Farmers’ incomes declined sharply after the Civil War, while their living and operating costs rose. Growers of cotton, then Florida’s chief cash crop, were especially hard hit because the price of cotton fell and stayed low until the turn of the 20th century. In the 1870s and 1880s American farmers formed cooperative groups called farmers’ alliances, which were part of a movement of agrarian unrest and protest called populism. Among the causes of unrest were the interest rates charged by banks and the discriminatory freight rates charged by railroads. The alliances soon realized that their grievances had to be addressed with political action. At its 1890 national convention in Ocala, Florida, the National Farmers Alliance adopted its Ocala Platform calling for a “subtreasury” system to replace national banks and make low-interest loans to farmers; an increase in the money supply; free and unlimited coinage of silver; government control of transportation; and an income tax. This platform led to creation of a third party, the People’s Party, to challenge the Democrats and Republicans.
In Florida, however, third-party sentiment was stalled by a powerful Florida Alliance faction that preferred to work within the Democratic Party. The Florida Democrats did endorse the Ocala Platform in 1891, but it was not implemented. Dissatisfied Alliance members put the People’s Party on the ballot in 1892, but because most black farmers—who were a substantial part of Alliance supporters—could not vote, it was defeated and withered away. The Democrats ruled without serious challenge for many years afterward.”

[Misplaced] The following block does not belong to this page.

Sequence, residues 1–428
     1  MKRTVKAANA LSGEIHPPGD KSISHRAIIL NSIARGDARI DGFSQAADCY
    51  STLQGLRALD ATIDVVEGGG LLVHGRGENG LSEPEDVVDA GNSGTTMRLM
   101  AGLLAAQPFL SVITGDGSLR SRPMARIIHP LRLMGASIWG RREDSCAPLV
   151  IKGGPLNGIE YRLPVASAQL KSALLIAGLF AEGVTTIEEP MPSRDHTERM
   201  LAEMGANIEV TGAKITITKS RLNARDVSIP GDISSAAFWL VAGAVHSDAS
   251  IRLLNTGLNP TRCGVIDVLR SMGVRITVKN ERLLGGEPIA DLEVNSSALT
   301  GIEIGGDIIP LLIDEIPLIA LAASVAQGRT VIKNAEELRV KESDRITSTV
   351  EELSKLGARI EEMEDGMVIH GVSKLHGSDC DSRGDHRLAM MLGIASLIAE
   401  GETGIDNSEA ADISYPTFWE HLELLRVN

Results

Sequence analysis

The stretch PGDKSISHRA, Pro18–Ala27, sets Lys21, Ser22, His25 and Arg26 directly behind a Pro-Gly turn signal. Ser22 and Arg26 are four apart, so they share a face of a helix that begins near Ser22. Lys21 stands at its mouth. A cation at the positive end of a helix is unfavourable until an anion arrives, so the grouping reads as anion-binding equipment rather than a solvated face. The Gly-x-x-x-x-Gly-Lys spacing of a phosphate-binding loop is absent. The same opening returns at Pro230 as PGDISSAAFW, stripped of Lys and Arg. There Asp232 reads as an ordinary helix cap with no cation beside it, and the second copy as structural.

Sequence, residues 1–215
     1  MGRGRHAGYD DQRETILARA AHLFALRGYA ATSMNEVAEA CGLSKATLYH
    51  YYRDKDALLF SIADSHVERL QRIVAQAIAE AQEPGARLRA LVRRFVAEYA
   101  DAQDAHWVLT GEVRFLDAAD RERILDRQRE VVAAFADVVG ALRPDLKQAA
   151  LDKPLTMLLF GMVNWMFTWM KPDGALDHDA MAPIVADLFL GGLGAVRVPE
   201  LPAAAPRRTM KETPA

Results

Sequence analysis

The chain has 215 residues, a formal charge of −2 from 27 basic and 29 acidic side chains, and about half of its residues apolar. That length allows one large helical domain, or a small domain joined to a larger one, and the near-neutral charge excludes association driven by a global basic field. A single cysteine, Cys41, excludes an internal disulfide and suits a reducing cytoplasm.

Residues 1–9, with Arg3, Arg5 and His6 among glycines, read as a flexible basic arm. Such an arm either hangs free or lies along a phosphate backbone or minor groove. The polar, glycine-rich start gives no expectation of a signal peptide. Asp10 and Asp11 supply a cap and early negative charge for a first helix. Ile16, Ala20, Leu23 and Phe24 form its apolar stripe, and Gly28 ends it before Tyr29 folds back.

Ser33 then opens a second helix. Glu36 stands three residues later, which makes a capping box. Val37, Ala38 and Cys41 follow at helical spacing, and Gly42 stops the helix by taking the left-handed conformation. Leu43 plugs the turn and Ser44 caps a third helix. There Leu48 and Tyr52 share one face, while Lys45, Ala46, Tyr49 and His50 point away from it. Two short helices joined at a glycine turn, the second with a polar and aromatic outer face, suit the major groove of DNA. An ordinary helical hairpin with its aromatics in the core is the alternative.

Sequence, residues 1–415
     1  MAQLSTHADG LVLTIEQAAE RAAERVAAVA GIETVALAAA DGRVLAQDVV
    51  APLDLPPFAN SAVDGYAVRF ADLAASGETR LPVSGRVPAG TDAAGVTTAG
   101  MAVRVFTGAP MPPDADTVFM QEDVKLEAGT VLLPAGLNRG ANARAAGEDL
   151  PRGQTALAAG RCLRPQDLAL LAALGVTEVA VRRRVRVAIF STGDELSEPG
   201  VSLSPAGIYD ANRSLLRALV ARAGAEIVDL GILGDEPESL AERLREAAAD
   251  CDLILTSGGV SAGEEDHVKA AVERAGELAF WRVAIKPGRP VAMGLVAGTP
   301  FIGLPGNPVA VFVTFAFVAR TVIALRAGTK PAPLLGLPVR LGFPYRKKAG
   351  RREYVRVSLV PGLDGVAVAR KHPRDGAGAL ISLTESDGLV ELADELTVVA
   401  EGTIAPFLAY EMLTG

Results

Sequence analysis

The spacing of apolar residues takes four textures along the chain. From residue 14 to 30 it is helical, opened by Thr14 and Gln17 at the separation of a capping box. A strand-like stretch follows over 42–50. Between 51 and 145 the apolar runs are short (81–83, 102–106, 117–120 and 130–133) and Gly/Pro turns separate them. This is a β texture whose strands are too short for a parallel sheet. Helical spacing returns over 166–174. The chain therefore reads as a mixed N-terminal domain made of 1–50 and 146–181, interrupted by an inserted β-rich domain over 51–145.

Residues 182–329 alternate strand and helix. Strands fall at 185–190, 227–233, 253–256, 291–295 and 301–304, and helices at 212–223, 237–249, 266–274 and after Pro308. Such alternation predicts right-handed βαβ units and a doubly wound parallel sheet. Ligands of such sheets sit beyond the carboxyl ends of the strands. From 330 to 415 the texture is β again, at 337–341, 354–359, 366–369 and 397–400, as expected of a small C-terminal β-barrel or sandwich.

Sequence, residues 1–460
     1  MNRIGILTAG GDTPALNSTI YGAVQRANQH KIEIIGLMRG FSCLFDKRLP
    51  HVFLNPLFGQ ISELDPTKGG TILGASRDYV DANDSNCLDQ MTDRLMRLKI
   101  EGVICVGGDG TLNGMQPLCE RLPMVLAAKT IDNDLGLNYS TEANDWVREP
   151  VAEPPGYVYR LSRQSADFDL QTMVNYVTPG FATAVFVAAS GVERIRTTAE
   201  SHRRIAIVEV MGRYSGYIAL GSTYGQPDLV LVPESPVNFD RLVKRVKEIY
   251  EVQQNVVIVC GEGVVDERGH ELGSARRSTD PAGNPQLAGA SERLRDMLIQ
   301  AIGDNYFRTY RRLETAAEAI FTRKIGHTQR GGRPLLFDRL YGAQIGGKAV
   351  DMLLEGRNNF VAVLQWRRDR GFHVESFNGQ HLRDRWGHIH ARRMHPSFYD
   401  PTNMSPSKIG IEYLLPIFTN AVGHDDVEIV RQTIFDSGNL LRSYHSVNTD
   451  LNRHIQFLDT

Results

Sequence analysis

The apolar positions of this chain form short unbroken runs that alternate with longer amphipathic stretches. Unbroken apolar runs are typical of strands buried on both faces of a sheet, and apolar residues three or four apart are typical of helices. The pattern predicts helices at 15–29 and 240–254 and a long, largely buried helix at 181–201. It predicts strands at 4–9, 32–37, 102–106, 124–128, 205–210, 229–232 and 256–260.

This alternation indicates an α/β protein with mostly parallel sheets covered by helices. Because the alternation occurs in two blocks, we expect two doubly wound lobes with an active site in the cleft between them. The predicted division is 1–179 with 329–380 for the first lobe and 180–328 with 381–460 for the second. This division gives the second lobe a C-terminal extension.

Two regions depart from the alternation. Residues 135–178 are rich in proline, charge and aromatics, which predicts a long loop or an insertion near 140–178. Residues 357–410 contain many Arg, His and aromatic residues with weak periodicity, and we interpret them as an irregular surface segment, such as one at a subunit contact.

Although agriculture was depressed, Florida’s economy began its first major period of rapid growth in the 1880s. Hamilton Disston, a Northern industrialist, bought 1,600,000 hectares (4 million acres) of Florida land in 1881 and became one of the state’s first real estate developers.
Two Northern financiers, Henry M. Flagler and Henry B. Plant, encouraged the development of Florida as a resort area by building railroads, hotels, and tourist facilities. Exploitation was begun of the state’s phosphate deposits, which were discovered in 1884, and new lands were opened for agriculture in southern Florida. During the 1890s a series of comparatively severe winters damaged the citrus fruit crops of northern Florida. Citrus fruit growers moved southward on the peninsula in order to lessen the risk of frost. Florida’s resort business expanded during World War I (1914-1918), when foreign travel was restricted. "Florida" © Emmanuel BUCHOT, Encarta, Wikipedia
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